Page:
Editor’s note: This is the second story in a series featuring 2021 school retirees.
When Homewood-Flossmoor High School was forced to shut down in March 2020, all eyes turned to Gary Posing, director of information services, to implement a plan for how to bring students and faculty online for successful remote learning.
For 19 years, Posing has been the lead person responsible for all computer and technology equipment at the high school, a position that has grown in responsibility and importance as computers have become standard equipment in day-to-day classroom instruction and school operations.
Posing will turn the job over to the new director when he retires June 30.
Posing said for about the first two weeks of March 2020 the administration at H-F had been watching news of the COVID-19 virus’s spread and were trying to plan ahead. On March 13, when word came that H-F would be shutting down, it was Posing who knew how many Chromebooks H-F had available, where they were and how to get them to students.
H-F had a one-to-one supply of Chromebooks. They were kept in classrooms in the North and South buildings for student use. Those machines all had to be collected in one location, recorded and distributed. The monumental task was accomplished in less than 72 hours with the Technology Department’s staff of 10, and lots of help from other staff members.
“The one thing I really love about H-F, when that announcement was made on (March 12) and we said we needed help, you would not believe how many people came out of the woodwork to help us. Teachers and staff. That’s what’s so great about H-F,” Posing said.
He also credits staff with stepping up to incorporate technology. Two years prior to the pandemic shutdown, staff were doing online tutoring. Those two years gave staff time to experiment with remote learning and a chance to test the system.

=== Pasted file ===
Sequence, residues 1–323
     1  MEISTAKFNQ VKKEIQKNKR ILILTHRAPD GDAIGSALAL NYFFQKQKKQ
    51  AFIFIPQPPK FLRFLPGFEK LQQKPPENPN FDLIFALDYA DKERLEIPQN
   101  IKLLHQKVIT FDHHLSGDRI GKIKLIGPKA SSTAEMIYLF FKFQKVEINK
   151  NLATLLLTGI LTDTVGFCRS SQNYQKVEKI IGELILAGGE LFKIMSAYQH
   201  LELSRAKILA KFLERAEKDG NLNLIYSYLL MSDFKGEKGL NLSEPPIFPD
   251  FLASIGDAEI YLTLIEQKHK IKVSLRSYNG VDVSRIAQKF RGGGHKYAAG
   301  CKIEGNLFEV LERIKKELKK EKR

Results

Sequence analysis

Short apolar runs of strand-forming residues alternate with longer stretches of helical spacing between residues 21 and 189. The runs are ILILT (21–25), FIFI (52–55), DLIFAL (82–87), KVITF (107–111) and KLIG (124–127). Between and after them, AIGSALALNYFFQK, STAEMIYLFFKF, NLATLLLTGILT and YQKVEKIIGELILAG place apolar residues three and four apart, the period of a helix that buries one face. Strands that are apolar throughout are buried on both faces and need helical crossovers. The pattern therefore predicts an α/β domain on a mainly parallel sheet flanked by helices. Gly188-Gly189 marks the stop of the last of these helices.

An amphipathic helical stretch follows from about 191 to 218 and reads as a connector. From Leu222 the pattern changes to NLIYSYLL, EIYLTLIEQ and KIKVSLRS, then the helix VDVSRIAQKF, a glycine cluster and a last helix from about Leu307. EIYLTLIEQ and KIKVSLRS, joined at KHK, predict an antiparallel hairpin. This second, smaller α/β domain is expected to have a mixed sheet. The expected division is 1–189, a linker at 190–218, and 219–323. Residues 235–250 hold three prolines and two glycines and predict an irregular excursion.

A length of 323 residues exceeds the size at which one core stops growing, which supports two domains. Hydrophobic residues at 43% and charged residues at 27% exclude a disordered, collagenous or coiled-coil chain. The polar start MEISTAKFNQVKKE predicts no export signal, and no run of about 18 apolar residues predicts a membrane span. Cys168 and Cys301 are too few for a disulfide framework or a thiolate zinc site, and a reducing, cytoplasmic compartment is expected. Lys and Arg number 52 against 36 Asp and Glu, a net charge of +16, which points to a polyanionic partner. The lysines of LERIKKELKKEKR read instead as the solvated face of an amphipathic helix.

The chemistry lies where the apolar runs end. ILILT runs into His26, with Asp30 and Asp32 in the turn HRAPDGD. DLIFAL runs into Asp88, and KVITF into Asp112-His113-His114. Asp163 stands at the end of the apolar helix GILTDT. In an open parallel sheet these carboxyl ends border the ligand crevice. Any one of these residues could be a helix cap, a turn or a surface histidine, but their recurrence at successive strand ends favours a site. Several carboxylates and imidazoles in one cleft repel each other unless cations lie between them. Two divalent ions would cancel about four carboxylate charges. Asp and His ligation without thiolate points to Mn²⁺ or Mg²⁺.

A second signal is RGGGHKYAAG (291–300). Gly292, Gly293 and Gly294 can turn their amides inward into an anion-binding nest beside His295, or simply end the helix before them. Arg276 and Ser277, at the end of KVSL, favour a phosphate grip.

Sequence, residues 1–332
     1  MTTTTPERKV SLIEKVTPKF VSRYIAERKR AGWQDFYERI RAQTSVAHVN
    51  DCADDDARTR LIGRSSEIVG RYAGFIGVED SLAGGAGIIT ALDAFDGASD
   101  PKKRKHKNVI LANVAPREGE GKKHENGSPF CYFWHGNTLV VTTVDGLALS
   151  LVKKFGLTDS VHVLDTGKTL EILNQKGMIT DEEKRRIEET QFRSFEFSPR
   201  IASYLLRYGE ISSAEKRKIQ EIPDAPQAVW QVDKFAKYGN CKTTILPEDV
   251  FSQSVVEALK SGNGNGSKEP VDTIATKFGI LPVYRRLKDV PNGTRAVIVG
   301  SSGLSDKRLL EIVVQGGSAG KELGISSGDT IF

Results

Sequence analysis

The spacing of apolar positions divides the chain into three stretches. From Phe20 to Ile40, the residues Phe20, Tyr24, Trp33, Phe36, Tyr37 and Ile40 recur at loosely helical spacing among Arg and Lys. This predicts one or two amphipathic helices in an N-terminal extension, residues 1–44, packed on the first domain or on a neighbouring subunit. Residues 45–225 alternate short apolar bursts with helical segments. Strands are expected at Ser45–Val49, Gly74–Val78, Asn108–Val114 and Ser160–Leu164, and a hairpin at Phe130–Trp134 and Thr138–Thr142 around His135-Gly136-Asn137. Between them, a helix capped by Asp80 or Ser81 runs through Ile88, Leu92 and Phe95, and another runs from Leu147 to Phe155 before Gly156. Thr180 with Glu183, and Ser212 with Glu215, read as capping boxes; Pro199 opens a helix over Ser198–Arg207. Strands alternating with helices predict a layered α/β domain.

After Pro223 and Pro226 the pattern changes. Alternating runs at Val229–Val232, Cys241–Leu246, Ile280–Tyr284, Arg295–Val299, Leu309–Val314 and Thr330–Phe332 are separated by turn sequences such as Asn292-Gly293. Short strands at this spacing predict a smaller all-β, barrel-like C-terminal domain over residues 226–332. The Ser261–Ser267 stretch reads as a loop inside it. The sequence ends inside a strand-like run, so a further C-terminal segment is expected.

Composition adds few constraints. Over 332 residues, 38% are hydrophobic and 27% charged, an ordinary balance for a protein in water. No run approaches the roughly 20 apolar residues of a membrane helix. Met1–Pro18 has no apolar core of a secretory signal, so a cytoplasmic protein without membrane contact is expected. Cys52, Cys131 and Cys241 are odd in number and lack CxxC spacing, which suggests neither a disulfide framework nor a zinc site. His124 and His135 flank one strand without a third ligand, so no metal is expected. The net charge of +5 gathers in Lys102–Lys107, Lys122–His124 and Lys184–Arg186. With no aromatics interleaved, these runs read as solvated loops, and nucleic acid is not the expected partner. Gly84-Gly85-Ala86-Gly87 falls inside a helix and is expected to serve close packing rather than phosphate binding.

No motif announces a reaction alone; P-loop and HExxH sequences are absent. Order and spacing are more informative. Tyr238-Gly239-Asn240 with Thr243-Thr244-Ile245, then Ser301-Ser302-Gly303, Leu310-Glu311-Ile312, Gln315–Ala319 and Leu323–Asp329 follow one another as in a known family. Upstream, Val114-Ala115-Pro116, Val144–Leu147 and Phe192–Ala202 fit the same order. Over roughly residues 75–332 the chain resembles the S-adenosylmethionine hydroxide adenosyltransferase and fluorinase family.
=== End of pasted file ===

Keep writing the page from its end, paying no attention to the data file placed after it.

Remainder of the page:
“The good thing from my department, that (remote learning) piece was a challenge but not as big a challenge (in 2020) because we’d already used some of the tools that were out there,” he said. During the 2019-20 school year, Posing and tech coaches would use Google Meets as a means of testing the system. In remote learning, Google Meets became the go-to system for student-teacher communications.
A computer programmer by training, Posing started his career as the first tech director at Rich Township District 227 in 1985. He was one of three people working for Illinois school districts that had that job title. At one point, he spent a short time as an educational technology consultant, then worked for the Valley View School District for 17 years before coming to H-F.
H-F also was ready for the pandemic emergency because Posing had a hardware and software replacement schedule that he created.
“Remember, when I first got here (in 2001) we didn’t have the volume of equipment we have now. Each classroom had a computer, and we had a few labs. CAD had a lab.
Photography had a lab. The biggest challenge we had was in the equipment that was in the classrooms,” he recalled. “They were DTK computers and they were custom built. We had 30 of them and the parts were different in each of them.”
The Technology Department took inventory, started standardizing equipment and setting out a rotating schedule for three-year replacement cycles.
“All the staff and teacher machines are on a cycle now because we wanted to make sure the staff always had the same equipment,” he explained.
The Technology Department may be the place to go for help with a computer, but Posing is just as proud of the work he and his staff have done in helping students. For three years before COVID hit, the department was helping students experiment with virtual reality (VR) programming through independent study.
“They were actually creating something really unique and developed it into a class,” he said. “Now we have all the equipment, but for the last 18 months we couldn’t move forward with it. But it was actually an exciting program to be able to see that student work. One tried programming of drones. We were really starting to see some potential with what the kids were doing because the (programs) allowed for social interactions.”
He hopes the department will be able to pick up on that work again.
Posing said in retirement he will try and keep up with technology, but admits changes happen very fast.
In the meantime, he’ll slow down some. His children are giving him a trip to Las Vegas as a retirement gift, and he and his wife will do some traveling.